I think it’s important to emphasize the point here. Patients who opted for the surgery fared no better than those who skipped the surgery! Yikes, this study is going to piss off some surgeons.

The upshot? I love studies that question the status quo, and this one is going to be an issue for many surgeons quick to operate on shoulder rotator cuff tears. If 75% of these patients will eventually be out of pain, why are we taking the increased risk of a surgical shoulder rotator cuff repair? Said another way from a medical-legal standpoint, if there’s a complication with shoulder surgery and the patient was never informed of research supporting that there’s a 75% chance that they would eventually be mostly pain-free with good function without the surgery, is the surgeon directly liable for that complication? This is going to get interesting…

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Chris Centeno, MD is a specialist in regenerative medicine and the new field of Interventional Orthopedics. Centeno pioneered orthopedic stem cell procedures in 2005 and is responsible for a large amount of the published research on stem cell use for orthopedic applications. View Profile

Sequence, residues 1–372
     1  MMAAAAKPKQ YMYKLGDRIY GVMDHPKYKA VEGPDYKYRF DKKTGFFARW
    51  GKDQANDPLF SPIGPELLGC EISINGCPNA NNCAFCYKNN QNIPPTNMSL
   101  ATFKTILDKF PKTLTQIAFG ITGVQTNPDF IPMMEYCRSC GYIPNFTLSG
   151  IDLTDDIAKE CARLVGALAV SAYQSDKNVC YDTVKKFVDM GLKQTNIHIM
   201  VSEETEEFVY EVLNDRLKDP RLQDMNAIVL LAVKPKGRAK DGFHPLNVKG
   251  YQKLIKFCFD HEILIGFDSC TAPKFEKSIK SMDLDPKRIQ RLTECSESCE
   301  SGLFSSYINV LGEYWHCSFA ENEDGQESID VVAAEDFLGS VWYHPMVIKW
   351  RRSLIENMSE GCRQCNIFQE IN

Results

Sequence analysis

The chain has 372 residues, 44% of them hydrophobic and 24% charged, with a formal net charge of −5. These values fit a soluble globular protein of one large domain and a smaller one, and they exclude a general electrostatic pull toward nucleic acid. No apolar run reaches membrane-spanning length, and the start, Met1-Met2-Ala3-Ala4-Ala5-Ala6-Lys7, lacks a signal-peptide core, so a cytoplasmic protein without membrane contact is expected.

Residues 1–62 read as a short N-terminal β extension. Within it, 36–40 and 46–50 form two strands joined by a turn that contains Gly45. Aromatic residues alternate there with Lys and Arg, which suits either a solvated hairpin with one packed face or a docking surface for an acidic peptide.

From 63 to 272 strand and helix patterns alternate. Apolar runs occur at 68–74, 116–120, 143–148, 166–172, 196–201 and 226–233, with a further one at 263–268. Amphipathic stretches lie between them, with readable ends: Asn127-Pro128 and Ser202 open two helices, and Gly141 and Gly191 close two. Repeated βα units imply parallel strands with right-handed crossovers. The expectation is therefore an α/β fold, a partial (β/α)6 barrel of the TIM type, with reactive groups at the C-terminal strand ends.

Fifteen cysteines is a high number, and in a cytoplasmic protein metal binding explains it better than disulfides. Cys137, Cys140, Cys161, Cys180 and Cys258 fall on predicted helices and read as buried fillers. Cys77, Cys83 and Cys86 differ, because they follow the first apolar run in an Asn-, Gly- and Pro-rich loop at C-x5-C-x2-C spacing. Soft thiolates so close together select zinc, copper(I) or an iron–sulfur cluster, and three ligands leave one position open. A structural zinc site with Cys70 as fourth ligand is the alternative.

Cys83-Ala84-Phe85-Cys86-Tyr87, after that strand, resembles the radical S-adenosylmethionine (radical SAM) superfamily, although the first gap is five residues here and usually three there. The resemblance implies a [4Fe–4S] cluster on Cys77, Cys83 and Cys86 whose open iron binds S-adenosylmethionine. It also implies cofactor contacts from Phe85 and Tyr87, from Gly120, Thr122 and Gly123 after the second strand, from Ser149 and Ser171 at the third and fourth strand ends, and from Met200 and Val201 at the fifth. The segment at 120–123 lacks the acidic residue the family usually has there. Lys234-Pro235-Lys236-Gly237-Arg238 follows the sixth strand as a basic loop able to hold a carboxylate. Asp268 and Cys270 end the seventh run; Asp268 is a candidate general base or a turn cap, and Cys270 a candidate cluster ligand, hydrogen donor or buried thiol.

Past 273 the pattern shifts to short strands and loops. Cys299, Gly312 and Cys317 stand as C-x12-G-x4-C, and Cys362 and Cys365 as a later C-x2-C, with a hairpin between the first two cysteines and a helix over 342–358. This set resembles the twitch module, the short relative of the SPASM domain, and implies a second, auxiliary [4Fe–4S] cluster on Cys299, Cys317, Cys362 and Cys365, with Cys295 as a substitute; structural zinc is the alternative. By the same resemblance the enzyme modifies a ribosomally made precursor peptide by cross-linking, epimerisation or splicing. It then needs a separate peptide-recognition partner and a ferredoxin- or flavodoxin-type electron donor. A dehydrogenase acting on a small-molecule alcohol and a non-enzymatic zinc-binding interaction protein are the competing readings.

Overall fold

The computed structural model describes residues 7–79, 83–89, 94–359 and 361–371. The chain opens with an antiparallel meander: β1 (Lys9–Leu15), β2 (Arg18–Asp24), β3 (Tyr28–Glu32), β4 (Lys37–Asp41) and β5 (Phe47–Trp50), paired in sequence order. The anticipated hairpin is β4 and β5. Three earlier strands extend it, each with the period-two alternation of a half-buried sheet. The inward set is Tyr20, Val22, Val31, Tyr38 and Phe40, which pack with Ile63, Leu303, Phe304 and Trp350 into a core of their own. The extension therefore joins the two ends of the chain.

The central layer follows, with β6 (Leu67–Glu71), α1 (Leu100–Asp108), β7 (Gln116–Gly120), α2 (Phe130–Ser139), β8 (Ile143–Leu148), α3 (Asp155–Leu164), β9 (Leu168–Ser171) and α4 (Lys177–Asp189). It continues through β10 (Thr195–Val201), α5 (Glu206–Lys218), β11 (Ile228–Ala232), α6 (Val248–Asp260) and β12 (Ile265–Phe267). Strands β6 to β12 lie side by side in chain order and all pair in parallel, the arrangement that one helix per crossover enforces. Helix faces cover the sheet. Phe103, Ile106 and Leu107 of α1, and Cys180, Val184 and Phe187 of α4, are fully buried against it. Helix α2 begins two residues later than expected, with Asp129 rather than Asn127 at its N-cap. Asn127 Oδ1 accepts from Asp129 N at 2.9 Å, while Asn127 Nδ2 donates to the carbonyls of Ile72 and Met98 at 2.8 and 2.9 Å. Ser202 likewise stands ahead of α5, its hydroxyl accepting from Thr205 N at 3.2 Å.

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NOTE: This blog post provides general information to help the reader better understand regenerative medicine, musculoskeletal health, and related subjects. All content provided in this blog, website, or any linked materials, including text, graphics, images, patient profiles, outcomes, and information, are not intended and should not be considered or used as a substitute for medical advice, diagnosis, or treatment. Please always consult with a professional and certified healthcare provider to discuss if a treatment is right for you.